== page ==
Interior Secretary Ryan Zinke Visits Grand Staircase-Escalante, Kanab Chris Caldwell / The Spectrum & Daily News
Kanab Residents Voice Concerns Over Zinke Visit, Future of National Monuments Chris Caldwell / The Spectrum & Daily News
Many are both for and against the monument as he began a process ordered in late April by President Donald Trump to review all national monuments created using the Antiquities Act since 1996 that are larger than 100,000 acres. Wochit
Bears Ears National Monument, which has become a flash point in the federal land debate, was on the top of Interior Secretary Ryan Zinke's list of monuments set for review by President Donald Trump's executive order. Wochit
President Trump is taking on national monuments with his latest executive order. Veuer explains. Buzz60
President Barack Obama designated two national monuments Wednesday at sites in Utah and Nevada. USA TODAY
- Interior Secretary Ryan Zinke Visits Grand Staircase-Escalante, Kanab
- Kanab Residents Voice Concerns Over Zinke Visit, Future of National Monuments
- Many for and against Bears Ears National Monument
- Bears Ears a flash point in federal land debate
- Trump may try to remove national monuments
- Obama names Utah, Nevada monuments despite opposition
Bill also proposes more than 249k acres of wilderness in NM
FARMINGTON — U.S. Sen. Tom Udall, D-N.M. introduced a bill this week that would give Congress the only authority to reduce the size of a national monument.
The bill, known as America’s Natural Treasures of Immeasurable Quality Unite, Inspire, and Together Improve the Economies of States Act of 2018 — or the ANTIQUITIES Act or 2018 — is co-sponsored by more than a dozen Democratic senators, including Sen. Martin Heinrich, D-N.M.
The measure comes in response to the reduction in the size of the Bears Ears National Monument in southeast Utah by President Trump. The reduction went into effect today and created two smaller national monuments totaling about 200,000 acres in place of the former 1.3 million-acre Bears Ears National Monument.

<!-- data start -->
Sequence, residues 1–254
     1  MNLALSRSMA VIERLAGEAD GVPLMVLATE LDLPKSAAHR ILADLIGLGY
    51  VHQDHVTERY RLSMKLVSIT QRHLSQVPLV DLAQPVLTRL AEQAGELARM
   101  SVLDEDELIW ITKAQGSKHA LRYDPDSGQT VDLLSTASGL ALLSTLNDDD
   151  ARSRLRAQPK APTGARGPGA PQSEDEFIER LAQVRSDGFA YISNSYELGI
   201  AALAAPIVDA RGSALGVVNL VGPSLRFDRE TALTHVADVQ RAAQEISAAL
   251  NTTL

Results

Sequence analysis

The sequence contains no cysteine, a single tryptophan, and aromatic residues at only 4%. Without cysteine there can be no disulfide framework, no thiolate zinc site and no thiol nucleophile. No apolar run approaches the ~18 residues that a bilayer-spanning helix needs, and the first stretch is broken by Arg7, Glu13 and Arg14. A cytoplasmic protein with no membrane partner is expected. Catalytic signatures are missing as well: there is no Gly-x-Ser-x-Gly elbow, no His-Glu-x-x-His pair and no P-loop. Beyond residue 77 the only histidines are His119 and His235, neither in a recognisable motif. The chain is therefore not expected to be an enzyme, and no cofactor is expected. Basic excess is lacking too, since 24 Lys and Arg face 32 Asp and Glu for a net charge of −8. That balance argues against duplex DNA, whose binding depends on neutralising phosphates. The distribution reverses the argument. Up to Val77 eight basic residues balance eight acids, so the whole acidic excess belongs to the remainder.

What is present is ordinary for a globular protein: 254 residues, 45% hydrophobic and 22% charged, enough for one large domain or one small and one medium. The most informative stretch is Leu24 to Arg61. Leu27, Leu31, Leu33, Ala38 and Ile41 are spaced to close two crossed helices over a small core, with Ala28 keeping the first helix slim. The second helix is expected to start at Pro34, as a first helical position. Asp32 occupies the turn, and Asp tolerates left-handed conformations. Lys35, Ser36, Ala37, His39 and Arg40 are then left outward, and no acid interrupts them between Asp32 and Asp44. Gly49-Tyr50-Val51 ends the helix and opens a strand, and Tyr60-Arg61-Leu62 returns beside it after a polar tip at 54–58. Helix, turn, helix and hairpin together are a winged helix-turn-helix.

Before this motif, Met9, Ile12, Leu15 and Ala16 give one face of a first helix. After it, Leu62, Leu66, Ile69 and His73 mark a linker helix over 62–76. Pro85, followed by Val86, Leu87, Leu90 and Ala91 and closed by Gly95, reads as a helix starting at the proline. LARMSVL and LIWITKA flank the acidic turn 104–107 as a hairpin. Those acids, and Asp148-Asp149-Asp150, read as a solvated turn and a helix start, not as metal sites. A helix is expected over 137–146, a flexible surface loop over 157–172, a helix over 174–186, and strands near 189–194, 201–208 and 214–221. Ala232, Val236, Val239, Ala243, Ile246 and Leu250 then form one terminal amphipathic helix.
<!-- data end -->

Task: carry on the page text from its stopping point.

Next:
In addition to removing a president’s authority to reduce the size of a national monument, the ANTIQUITIES Act would expand the boundaries of Bears Ears National Monument to encompass 1.9 million acres. The 1.9 million acres is larger than the area designated by President Barack Obama in 2016. It is based on a proposal a coalition of five tribes, including the Navajo Nation, submitted to Obama for the national monument.
Udall also is seeking the creation of more than 249,000 acres of new wilderness area in New Mexico.
Ned Adriance, a spokesman for Udall, said the wilderness would be located within the Rio Grande del Norte and Organ Mountains-Desert Peak national monuments. He said the bill proposing the wilderness areas in Rio Grande del Norte passed the Senate last year but has not passed the House of Representatives.
While the bill includes additional protection on some lands in New Mexico, its primary focus is the president's authority to reduce the size of national monuments.
Last year, President Donald Trump ordered Interior Secretary Ryan Zinke to review all national monuments designated by presidents from 1996 until 2017 that were larger than 100,000 acres. Based on that review, Trump issued a proclamation in December that created two smaller national monuments to replace the Bears Ears National Monument.
Opponents of the Bears Ears National Monument say Obama’s designation of the national monument was an abuse of the Antiquities Act of 1906 because of the amount of land — more than 1.3 million — incorporated into its boundaries.
In a press release, Udall described Trump's review of national monuments and reduction in size of some of the monuments as an “unprecedented attack on public lands.”
Trump is not the only president that has reduced the size of a national monument. In 1915, President Woodrow Wilson reduced the size of Mt. Olympus National Monument. The monument later became Olympic National Park.
“This legislation makes it crystal clear that monuments designated through the Antiquities Act of 1906 may not be altered by future presidents because only Congress has the authority to change a national monument designation,” Udall said.
Hannah Grover covers government for The Daily Times. She can be reached at 505-564-4652 or via email at email@example.com.